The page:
Trying to carry on a conversation while they are happening can be frustrating.  Often, the spasms can be so intense they overpower my thought process, leaving this line from Pink Floyd's Comfortably Numb echoing in my ears, "Your lips move but I can't hear what you're saying..."

That's the physical impact.  Then there is the mental/emotional.  I wonder, can you see my lip spasmingIs the twitching of my eye causing you to think I'm winking at youI am not an animal!

You know that feeling when you are having an important conversation...maybe at work with your boss, an old friend you haven't seen in awhile, or perhaps while on an interview...and you worry they are staring at the newly formed pimple you'd just discovered that morning?  Or maybe they linger too long looking at your mouth so you become concerned that you have something in your teeth?  Like a big piece of spinach?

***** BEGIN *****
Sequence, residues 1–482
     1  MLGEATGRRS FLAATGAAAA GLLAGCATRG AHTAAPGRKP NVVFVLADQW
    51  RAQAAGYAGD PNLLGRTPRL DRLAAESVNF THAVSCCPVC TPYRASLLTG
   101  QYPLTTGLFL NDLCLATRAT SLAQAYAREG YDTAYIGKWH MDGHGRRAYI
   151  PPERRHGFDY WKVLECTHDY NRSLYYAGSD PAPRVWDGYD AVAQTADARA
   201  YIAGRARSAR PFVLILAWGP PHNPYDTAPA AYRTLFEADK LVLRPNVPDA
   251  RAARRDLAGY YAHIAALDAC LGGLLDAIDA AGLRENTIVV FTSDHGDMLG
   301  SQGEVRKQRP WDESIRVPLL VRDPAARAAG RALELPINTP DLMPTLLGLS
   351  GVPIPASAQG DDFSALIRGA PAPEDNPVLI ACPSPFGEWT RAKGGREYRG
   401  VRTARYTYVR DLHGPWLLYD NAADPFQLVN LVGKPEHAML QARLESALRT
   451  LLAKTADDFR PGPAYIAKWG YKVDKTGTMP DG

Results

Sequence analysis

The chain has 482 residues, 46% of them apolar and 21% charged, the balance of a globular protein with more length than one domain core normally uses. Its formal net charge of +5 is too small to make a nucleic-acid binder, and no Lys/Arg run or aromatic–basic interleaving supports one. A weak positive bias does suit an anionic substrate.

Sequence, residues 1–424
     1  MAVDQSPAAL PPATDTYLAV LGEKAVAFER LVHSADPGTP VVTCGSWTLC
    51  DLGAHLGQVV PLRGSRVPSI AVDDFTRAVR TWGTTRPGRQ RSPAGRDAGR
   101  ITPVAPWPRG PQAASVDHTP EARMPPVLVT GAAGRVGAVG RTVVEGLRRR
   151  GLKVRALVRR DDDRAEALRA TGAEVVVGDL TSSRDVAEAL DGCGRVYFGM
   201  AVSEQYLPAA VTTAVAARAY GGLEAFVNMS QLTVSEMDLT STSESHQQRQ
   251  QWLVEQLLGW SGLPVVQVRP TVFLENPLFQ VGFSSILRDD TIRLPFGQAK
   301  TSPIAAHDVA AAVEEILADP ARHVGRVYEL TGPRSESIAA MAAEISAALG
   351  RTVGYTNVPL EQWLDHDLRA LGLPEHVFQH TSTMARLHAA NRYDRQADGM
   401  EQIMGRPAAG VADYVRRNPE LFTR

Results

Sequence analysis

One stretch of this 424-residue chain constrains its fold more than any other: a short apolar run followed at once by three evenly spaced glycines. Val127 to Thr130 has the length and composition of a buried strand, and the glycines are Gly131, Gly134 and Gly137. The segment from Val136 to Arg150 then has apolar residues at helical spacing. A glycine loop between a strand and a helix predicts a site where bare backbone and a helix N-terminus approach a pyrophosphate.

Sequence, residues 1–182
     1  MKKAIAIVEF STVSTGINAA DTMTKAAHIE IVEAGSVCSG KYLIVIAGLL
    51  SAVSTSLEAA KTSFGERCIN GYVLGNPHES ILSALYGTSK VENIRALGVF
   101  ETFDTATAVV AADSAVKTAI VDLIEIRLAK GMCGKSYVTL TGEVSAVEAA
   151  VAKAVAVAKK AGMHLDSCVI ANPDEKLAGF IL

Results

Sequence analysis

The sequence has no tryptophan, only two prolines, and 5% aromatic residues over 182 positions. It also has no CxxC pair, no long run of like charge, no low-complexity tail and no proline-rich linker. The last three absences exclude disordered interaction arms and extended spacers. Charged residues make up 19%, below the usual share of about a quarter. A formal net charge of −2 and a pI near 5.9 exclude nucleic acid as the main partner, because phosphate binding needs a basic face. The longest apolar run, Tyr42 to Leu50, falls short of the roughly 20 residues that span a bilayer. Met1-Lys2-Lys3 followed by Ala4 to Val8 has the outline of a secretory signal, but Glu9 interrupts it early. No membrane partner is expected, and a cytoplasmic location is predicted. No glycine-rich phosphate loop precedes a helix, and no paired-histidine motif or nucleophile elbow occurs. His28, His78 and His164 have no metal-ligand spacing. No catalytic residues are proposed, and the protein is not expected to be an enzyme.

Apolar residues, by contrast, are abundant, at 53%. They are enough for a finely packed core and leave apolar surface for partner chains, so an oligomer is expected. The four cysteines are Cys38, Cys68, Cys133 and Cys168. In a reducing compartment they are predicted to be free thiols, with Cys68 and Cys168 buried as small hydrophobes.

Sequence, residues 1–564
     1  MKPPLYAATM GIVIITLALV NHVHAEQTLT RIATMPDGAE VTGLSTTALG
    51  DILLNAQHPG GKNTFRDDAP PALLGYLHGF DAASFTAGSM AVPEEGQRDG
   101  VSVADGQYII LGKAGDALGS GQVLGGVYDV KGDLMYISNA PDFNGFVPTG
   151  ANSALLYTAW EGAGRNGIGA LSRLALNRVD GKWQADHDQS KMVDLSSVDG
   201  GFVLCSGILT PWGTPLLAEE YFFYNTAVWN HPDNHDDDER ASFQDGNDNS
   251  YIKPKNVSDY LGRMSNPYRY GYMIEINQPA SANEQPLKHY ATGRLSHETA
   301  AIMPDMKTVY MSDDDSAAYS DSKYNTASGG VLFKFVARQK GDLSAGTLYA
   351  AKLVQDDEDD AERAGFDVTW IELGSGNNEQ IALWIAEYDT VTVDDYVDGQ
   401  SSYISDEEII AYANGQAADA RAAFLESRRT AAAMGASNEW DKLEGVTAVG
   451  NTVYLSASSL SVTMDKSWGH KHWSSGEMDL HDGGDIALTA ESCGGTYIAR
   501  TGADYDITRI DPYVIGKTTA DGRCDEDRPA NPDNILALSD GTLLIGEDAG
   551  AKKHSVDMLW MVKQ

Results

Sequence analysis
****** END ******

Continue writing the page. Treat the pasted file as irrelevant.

Similar thoughts and concerns are cycling through my mind as the spasms wreak havoc on my face; I know I shouldn't be embarrassed by them, but that is easier said than done.

And these facial twitches and spasms are the #28 thing you might not know about (my) MS.

Tuesday, April 18, 2017

76 Things #24: Update

My sensation of having wet feet remains...but has now spread to my back and left shoulder.

It's as if somebody has taken a drink and splashed it against my back.  Nothing feels like it is dripping off of me, but half of my back and most of my left shoulder feel drenched.

I've had this new sensation for about a week now.  It's not constant but it is pretty regular.  Maybe it will disappear tomorrow, or perhaps even spread somewhere new.

Round and round it goes, where the MS stops, nobody knows...

Thursday, March 30, 2017

When You Have MS, You Can't Live Without...?